Self-driving cars could suffer major problems due to the sun, warn experts

Picture yourself going on a typical Sunday drive – but not in a regular gas-powered car. Instead, imagine driving an all-electric self-driving vehicle that uses all sorts of instruments and digital equipment to get going. Usually, these kinds of cars rely on sophisticated electronics that have been put together to gather data on the environment and act accordingly – that is, drive safely. What happens when external forces act on these sensors and end up bringing them down?

There may not be an Artificial Intelligence (AI) advanced enough to take care of things if things like solar storms get the best of self-driving cars. And they do, according to space meteorologists, who are now warning that the engineers who are building autonomous vehicles shouldn’t rely too much on GPS technology.

Self-driving vehicles are already under a lot of pressure to perform, and they haven’t managed to master many difficult tasks such as driving without issues through the snow. Now it seems that there’s something else that autonomous car makers have to deal with, which are solar storms that occur occasionally and can affect electronics.

How does solar weather affect electronics?

What exactly is a solar storm? The National Aeronautics and Space Administration (NASA) says that they occur due to solar flares, which are giant explosions on the sun itself that send energy, light, and high speed particles all throughout space. These materials end up making their way to Earth and have the potential to cause massive damage to Earth-based electronics.

According to Scott McIntosh, the director of the high-altitude observatory at Colorado’s National Center for Atmospheric Research, self-driving cars should not be too reliant on GPS technology as far as configuring standard models are concerned. The main reason for this, he said, is that it could result in practically millions of vehicles – with working computers in them – to stop running until their onboard electronics begin working again. (Related: Self-driving cars could easily turn into self-crashing cars that deliberately target and kill humans, expert warns.)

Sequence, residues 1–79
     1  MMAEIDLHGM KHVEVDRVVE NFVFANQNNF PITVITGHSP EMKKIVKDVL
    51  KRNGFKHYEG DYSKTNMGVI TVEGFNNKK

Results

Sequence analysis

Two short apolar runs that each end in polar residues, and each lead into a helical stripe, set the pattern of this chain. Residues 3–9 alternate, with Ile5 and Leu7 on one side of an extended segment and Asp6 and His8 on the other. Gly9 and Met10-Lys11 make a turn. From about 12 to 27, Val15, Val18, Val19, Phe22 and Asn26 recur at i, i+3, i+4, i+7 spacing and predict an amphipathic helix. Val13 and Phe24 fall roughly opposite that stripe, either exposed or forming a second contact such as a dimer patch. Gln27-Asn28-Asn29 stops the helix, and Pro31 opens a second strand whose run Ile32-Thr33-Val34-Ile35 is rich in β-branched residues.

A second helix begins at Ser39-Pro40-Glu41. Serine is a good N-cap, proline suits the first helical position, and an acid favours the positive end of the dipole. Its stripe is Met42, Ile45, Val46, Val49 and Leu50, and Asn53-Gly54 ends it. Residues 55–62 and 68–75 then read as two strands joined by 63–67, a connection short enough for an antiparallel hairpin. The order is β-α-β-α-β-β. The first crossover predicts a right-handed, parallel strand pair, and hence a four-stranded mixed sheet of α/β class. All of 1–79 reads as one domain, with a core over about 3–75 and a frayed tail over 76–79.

In McIntosh’s mind, the resulting problems could end up disrupting the whole industry if they are not careful. “There is a lot riding on this, from an actuarial point of view,” he said. “All it is going to take is a couple of accidents.”

As an example, there was an incident involving a deep space satellite that was parked by the U.S. three years ago. It was placed around a million miles high, and it had been tasked with going on an “indefinite staring contest” with the sun. Once solar storms occurred, the U.S. Space Weather Prediction Center acted by gathering data and sending out warnings to those who might be affected. This gave them a chance to re-route airplane flights bound for the poles, when sudden coronal mass ejections happened, threatening to wreak havoc on all the electronics on the planes.

On the bright side, it is said that the engineers who are making autonomous vehicles today are already aware of some steps that they can take to avoid these kinds of problems with the sun. One type of navigation system that’s standard today uses a bunch of sensors, including laser pulses that are referred to as lidar, which allow cars to “see” their immediate surroundings and even let them “speak” with computer systems. Meanwhile, AI also plays a part by utilizing high-definition maps that are regularly updated.

In short, it seems that solar storms are yet another kind of problem that, while potentially destructive, could be avoided by using other technologies. Hopefully, it’s the kind of problem that can be safely ruled out in the future, for the sake of you and your future car’s safety – in case you plan on going for an autonomous model eventually.

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